Medical and first aid emergencies

Follow these steps in a medical or first aid emergency.

  1. Assess the situation.
  2. Phone 111 and ask for an ambulance, stating if it is a serious or life-threatening situation. Then call Security on 966 (0800 373 7550 from a mobile phone).
  3. If you are trained in first aid, provide emergency assistance until the ambulance arrives.
  4. If you are not a first aider, summon help so effective first aid can be administered. 

Note: Every department has a first aid kit containing basic equipment that you can use. It will be in a common shared area (often the kitchen). Alternatively, ask a lecturer or your manager for help in locating one.

More information: First aider responsibilities and kits.

The University Health and Counselling Services located on each campus are not accident and emergency facilities and cannot provide this level of support.

First aid training and apps

At the University we can't cater for all possible medical first aid situations and we highly recommend that you are trained in first aid.

These apps are valuable tools for on-the-spot first aid treatment. Please download them before an emergency so they are on hand when needed.

First response: Remember DRS ABCD


Check for the safety of yourself, the patient and bystanders. 


Check for response, tap the patient, gently shake and shout.

Send for Help

Phone 111 and ask for an ambulance. Then call Security on 966 (0800 373 7550 from a mobile phone).


Open airway, tilt head back.


If not breathing normally, start CPR.


Start CPR, 30 chest compressions, two breaths.


If there is an AED (defibrillator) available and you have been trained in its use, attach it and follow the machine prompts.

Find out more: Defibrillators.

CPR instructions


  • Position hands in the centre of the chest.
  • Firmly push down five centimetres on the chest 30 times.
Emergency CPR 'pump' graphic demonstrating the first two steps of CPR.


  • Tilt head.
  • Lift chin.
  • Check breathing.
  • Give two breaths.
  • Continue with 30 pumps and two breaths until help arrives.
CPR demonstration showing the 'blow' process

Reluctant to give mouth to mouth resuscitation? Then continue with only the chest compressions.

Learn more about CPR

First Aid

Control of bleeding

  • Apply direct pressure to the wound with your hands (wear gloves if possible).
  • Elevate (raise) the limb.
  • Apply a pad and firm bandage.
  • If necessary, use clean rags or clothing.
  • Check circulation below the bandage.
  • If there is tingling, numbness or blueness, loosen the bandage.


  • Seek medical advice or call an ambulance (111).
  • Do not make the person vomit without advice from a medical professional.
  • Do not give fluids without advice from a medical professional.

Foreign bodies in the eyes

  • Wash the eye(s) with clean, cool water.
  • If the foreign body is stuck to the eyeball, do not attempt to remove it.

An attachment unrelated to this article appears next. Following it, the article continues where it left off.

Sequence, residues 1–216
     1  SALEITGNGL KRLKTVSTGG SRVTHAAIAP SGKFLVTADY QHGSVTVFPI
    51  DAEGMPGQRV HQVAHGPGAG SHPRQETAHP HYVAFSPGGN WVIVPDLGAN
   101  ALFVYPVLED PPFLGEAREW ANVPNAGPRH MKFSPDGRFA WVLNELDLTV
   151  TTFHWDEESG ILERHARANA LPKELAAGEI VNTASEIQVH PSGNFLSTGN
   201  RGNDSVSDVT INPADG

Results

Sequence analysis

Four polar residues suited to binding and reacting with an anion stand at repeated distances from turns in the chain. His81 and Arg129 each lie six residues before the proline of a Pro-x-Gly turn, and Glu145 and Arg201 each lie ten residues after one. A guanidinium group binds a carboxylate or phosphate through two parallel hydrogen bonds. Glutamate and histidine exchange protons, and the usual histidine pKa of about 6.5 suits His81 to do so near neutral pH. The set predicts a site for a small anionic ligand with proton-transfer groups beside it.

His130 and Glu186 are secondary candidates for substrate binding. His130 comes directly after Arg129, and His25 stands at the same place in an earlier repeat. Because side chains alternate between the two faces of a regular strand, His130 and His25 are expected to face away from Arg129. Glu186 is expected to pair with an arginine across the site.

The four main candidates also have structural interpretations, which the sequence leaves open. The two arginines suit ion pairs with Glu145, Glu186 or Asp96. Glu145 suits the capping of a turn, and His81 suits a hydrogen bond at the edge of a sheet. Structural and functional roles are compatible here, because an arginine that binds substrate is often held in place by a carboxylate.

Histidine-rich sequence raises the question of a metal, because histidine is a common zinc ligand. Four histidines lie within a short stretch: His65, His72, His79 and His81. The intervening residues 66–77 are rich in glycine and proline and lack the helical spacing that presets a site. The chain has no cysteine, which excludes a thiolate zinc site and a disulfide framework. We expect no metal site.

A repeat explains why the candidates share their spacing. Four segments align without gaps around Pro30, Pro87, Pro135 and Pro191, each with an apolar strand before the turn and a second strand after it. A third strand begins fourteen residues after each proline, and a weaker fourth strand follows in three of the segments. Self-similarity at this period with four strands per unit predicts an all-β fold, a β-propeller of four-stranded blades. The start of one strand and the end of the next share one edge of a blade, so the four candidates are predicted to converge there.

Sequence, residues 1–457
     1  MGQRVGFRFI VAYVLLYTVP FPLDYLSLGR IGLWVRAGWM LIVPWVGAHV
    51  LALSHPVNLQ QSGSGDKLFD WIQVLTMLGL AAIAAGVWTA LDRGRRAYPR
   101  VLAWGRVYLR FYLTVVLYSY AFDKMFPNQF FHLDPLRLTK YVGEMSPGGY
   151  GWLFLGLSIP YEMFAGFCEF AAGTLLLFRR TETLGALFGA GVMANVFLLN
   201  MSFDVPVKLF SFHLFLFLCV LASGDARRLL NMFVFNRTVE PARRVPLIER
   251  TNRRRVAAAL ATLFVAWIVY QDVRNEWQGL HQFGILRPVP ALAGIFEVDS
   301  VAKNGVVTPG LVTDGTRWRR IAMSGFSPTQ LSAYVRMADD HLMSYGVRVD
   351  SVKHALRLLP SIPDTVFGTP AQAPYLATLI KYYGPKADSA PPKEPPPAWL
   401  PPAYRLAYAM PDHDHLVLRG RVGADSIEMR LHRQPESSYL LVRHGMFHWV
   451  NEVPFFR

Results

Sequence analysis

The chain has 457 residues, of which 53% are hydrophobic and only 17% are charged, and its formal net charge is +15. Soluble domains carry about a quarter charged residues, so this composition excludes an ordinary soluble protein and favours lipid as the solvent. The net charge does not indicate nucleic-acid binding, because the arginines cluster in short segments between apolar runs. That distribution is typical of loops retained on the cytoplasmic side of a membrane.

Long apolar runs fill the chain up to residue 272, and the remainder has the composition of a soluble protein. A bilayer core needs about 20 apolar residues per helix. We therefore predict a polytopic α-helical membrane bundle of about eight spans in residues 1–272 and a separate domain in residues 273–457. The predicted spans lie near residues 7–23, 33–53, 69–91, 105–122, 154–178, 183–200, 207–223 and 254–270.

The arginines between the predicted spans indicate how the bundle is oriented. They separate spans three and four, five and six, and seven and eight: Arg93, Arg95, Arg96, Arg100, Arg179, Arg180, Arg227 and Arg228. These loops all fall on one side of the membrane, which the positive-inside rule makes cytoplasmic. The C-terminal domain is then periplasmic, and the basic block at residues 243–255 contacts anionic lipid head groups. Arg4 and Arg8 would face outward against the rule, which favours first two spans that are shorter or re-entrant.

• Place a covering over both eyes and seek medical attention.

Chemicals in the eyes

  • Wash the eyes with clean cool water for at least 15 minutes.
  • Wash from near the nose outwards, not forgetting to wash under the upper eyelid.
  • Seek medical attention.


  • Cool the burnt area with cool water for 10-15 minutes.
  • If necessary, cover the burn area with a clean dressing or plastic wrap.
  • Do not burst blisters, remove clothing that is stuck, or apply any creams.
  • Seek medical attention.

Chemical burns

  • Protect yourself from the substance.
  • Avoid skin contact.
  • Brush off dry chemicals.
  • Flush liquids from the skin with cool running water for at least 15 minutes.
  • Remove any contaminated clothing.
  • Treat for shock if the person is faint, pale or breathing irregularly.
  • Wrap area with a dry sterile dressing or clean cloth.
  • Protect from pressure and friction.
  • Seek medical attention.

First aid special considerations

Electric shock

Find out what to do in the event of an electric shock (or suspected electric shock if you are unsure).

Has someone come into contact with a live electrical source?

Don't touch them. If you touch the person while they are still in contact with the electrical current you will also get an electric shock/be electrocuted.

Have you received a belt/tingle from an electrical appliance or output?

  • If safe to do so, switch the power off (either at the source or at the main power switch). 
  • The longer a person is in contact with the power source, the more likely the shock will be fatal.
  • If it is not possible to turn the power off, use an insulated object such as a broom with a dry wooden handle to push the victim clear of the source of shock.  
  • Wear rubber-soled shoes if possible.
  • Never choose anything even slightly damp to help rescue the victim.
  • Phone for an ambulance immediately — dial 111.
  • Administer appropriate first aid such as CPR. If you have not had first aid training,
    the emergency operator may be able to give you directions until help arrives.

In all cases of electric shock, even if you feel fine, seek medical treatment and advice immediately. 

  • You may require to have an ECG to ensure electrical pathways within the heart have not been disrupted.
  • Visit your local doctor or after hours medical centre. 
  • Report to your manager immediately.

It's important to tell others and your manager about the dangerous electrical device and make sure it is not used until it is fixed. 

Accident and emergency centres

For all other injuries/medical emergencies that are not life-threatening, please go to an accident and emergency centre.

The University Health and Counselling Services located on each campus are not accident and emergency facilities and cannot provide this level of support.

If your injury was caused by a workplace accident, please fill out an incident report when you return to work.